St. Raphael, pray for us!


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St. Charles Borromeo – Parma, OH – Fourth Sunday of Advent – Dec 22nd – Noon mass

Yes I double dipped. And I’m not sorry. 😉

Readings: (See above)

I really wanted to go because my nephew was serving and I sat in the pew with my other nephew which was such a treat. Proud, proud auntie!

I did however manage to sit in a cushioned pew!! Ha! Apparently only a few pews have cushioned seats. Wow, what a treat! It’s the little things…

Presider: Fr. Lou Thomas, Parochial Vicar

Homily Reflection: Well finally, someone preached the homily I have NEVER heard before on St. Joseph but always wanted to. I was just talking to someone about the “house of David” thing and how it just baffled me: Jesus is from the house of David…but it’s Mary’s DNA that’s in him, not Joseph’s. Right? So how can we really say He’s from the lineage of David if that’s Joseph’s line and not Mary’s? That has bothered me to the point of tears in praying about it because I felt like I was questioning the entire Incarnation. Fr. Lou explained that in those days, it’s not like anyone would ever question family lineage by DNA. There was literally no difference between a biological father, a foster father, a guardian father, etc. You’re the father? You’re the father. Period. So that really helped me understand it better.

Holy Moments: The sign of peace with my 6’2″ nephew and watching my other nephew serve and carry the cross. “I volunteered to carry the cross for you, Auntie!” My heart was leaping. Also, the Communion Chant was “O Holy Mary.” SO beautiful and one I know I’ve never heard before in my other mass experiences. And kudos to the violinist. I’d love to hear a violinist at every liturgy. Outstanding job!

St. Joseph, pray for us!


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Church of the Holy Angels – Bainbridge, OH – 9am – Monday December 23rd (Chapel mass)

My former parish! I saw some good friends I hadn’t seen in quite some time. Always nice to see familiar faces.

Gospel: Luke 1:57-66

Presider: Fr. Max Cole Pastor and Deacon Vince Belsito

Homily Reflection: Deacon Vince gave a great homily about the question in the Gospel, “What will this child be?” He used a real life example of the only child in the chapel for mass that day and asked the mother if she ever wonders what her child will be. Deacon Vince is a teacher so he always wondered that of his students. Heck, I’m still wondering what will become of me and I’m 41!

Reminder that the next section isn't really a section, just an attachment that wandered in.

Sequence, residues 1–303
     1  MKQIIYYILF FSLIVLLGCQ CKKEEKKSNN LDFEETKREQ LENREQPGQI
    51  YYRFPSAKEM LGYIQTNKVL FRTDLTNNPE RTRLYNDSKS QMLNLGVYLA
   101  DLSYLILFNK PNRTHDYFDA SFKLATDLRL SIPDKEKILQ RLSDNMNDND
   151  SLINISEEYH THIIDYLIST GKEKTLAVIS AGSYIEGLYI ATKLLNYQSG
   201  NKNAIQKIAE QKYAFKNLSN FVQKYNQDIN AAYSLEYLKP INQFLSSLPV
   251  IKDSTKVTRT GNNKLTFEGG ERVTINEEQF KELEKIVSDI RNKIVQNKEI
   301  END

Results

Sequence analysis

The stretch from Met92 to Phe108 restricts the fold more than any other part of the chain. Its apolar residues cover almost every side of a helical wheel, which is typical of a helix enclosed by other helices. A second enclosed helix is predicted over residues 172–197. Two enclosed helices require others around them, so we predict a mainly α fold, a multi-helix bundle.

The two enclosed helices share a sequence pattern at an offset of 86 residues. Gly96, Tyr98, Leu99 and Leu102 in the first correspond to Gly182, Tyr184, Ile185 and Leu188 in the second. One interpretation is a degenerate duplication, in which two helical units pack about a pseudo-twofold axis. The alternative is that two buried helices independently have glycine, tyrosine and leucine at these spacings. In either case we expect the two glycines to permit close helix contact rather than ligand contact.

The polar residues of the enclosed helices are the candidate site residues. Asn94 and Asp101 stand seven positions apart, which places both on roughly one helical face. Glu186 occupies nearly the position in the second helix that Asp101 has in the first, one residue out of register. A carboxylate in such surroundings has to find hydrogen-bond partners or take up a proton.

In the meantime, he asked that we reflect on that question and I remember thinking, “I don’t need to write any of this down because for sure I’ll remember it.”

Well, I can’t recall anything else from that homily so that’s about it. In my defense, I wasn’t preparing to blog about it so that’s my excuse.

Holy Moments: During the prayers of the faithful, the priest asks for the people in attendance to speak their prayers out loud if they wish so it’s always interesting to me to hear what specific prayers people are asking for. There was always one woman when I would attend there who every single mass would pray “For the lost souls and those separated from the church, that the light of God shine upon them.” So even if no one felt like speaking up, she would always say that, without fail. This particular mass was for a gentleman’s mother who passed and so he spoke up and thanked everyone for supporting him and thanked us all for praying for her. So while some may say it’s a distraction to others to hear all of these prayers being said out loud (one at a time of course), I did appreciate hearing from him since I could remember her when it came time for the Eucharist.